Missing from all of these narratives and protests is that both professional success and recognition rely on much more than mere personal achievement. The crux of the ongoing debate is that institutions like the AIA and the Pritzker board wield power to institutionalize, and therefore normalize, certain perceptions about the profession. Perceptions such as who deserves recognition, and therefore, who deserves respect, then dictate what emerging architecture professionals should aspire to. And justifiably, many have been worried that these norms exclusively privilege men.

More importantly, institutionalized forms of recognition are predicated on and grounded in one’s social and, equally important, economic status, one’s race, one’s access to education, and even access to food. Repeated studies have shown that there are very real impediments to biological development and achievement, and that not only matters of education, but problems like poverty and access to healthy and affordable food are the most important predictors of future success in school, which foretell professional success. And those issues do not just effect women, but also racial minorities.

Both professional success and recognition rely on much more than mere personal achievement.

Returning to the issue of professional recognition, last December the AIA welcomed its third woman president, Helene Combs Dreiling, FAIA; indeed, all three women are Euro-American. If we use the AIA president’s list as a gauge, one might believe that until 1996, all architects have been Euro-American. In fact, the AIA elected a woman president in 1992, four years before it elected a person of color. All presidents until 1992 have been men and until 1996, all the presidents have been Euro-American.

Similarly, if the Pritzker and AIA Gold Medal awards are really representative of achievement, one might conclude that, until 1966 and 1983 respectively, all architects were Euro-American. Then, in 1966 and 1983, the Pritzker and AIA Gold Medal awards were presented to East Asian foreign nationals, so one would think architects of color are limited only to East Asian foreign nationals and that there are no other people of color practicing architecture. Obviously, this is not true and these titles and awards do not accurately represent the architecture profession’s gender and racial demographics.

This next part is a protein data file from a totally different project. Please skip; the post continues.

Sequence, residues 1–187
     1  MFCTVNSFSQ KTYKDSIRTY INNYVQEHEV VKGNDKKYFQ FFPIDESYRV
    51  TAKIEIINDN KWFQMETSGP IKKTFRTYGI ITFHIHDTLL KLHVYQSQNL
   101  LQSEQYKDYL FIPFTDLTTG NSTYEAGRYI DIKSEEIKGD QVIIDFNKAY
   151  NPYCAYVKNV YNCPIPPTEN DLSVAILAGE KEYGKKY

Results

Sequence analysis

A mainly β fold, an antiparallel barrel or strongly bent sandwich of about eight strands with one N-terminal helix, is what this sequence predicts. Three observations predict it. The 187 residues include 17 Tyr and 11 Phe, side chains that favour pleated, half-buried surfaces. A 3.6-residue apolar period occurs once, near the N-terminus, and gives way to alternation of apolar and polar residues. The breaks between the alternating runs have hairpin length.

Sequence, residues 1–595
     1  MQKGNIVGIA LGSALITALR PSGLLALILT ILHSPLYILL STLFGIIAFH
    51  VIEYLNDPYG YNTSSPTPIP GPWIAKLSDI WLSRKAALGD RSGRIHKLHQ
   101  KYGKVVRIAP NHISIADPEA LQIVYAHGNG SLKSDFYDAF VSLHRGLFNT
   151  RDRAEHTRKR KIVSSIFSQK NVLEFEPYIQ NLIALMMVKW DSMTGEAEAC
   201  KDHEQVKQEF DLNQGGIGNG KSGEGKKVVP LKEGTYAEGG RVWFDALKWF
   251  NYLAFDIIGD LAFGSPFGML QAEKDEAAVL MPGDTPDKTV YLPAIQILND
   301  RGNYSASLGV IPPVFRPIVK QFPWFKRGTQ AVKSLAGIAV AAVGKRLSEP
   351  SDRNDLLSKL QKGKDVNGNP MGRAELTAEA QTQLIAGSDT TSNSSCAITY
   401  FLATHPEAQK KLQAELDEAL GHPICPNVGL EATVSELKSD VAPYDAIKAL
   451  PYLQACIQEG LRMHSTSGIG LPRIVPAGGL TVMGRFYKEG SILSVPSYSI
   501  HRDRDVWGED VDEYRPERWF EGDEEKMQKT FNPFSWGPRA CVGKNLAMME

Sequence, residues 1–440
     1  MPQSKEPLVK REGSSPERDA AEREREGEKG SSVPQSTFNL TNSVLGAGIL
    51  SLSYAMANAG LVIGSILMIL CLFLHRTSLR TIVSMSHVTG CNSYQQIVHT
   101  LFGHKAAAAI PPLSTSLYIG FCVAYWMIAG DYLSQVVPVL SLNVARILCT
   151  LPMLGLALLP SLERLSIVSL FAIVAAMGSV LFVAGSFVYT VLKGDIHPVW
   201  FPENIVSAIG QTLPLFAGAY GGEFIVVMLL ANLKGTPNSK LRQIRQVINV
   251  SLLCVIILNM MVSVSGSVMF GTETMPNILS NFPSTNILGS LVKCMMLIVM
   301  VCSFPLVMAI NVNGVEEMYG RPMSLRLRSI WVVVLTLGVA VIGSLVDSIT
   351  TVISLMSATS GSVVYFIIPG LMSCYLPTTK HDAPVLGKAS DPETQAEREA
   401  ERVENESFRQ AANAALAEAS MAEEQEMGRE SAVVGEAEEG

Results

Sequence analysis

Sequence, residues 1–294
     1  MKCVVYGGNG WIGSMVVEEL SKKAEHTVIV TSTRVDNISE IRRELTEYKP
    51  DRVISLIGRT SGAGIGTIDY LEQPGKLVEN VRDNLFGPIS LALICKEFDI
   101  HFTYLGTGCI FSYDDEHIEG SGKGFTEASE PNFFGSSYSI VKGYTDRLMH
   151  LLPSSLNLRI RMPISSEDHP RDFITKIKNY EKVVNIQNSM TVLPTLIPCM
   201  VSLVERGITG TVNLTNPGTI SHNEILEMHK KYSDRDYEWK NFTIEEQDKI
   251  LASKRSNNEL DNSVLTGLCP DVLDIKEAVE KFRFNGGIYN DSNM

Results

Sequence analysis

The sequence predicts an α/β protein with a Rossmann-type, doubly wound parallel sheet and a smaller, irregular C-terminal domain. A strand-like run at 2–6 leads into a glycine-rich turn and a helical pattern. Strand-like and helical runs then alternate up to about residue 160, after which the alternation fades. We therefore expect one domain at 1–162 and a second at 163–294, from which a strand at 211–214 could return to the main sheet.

This is not an argument for infinite relativism because this is not an issue about individual injured parties. Rather, it is about the power held and generated by institutions to normalize certain modes of behavior, recognition, and ultimately, norms. Until it is acknowledged that those controlling the institutions have an agenda, which reflect themselves and their own values, the symbolic gestures they produce such as awards or positions of power will always remain skewed. It is only when we recognize the power wielded by those who guide those institutions and the values they continue to promote that change will occur.

It’s true these are broad issues and they have far-reaching implications. But that is the responsibility of institutions, large and small, to consider how their decisions and behaviors create an environment that is agile to be on the social and cultural vanguard, rather than focusing solely on design or technology.

Sherin Wing writes on social issues as well as topics in architecture, urbanism, and design. She is a frequent contributor to ArchinectArchitect Magazine and other publications. She is also co-author of The Real Architect’s Handbook. She received her PhD from UCLA. Follow Sherin on Twitter at @SherinWing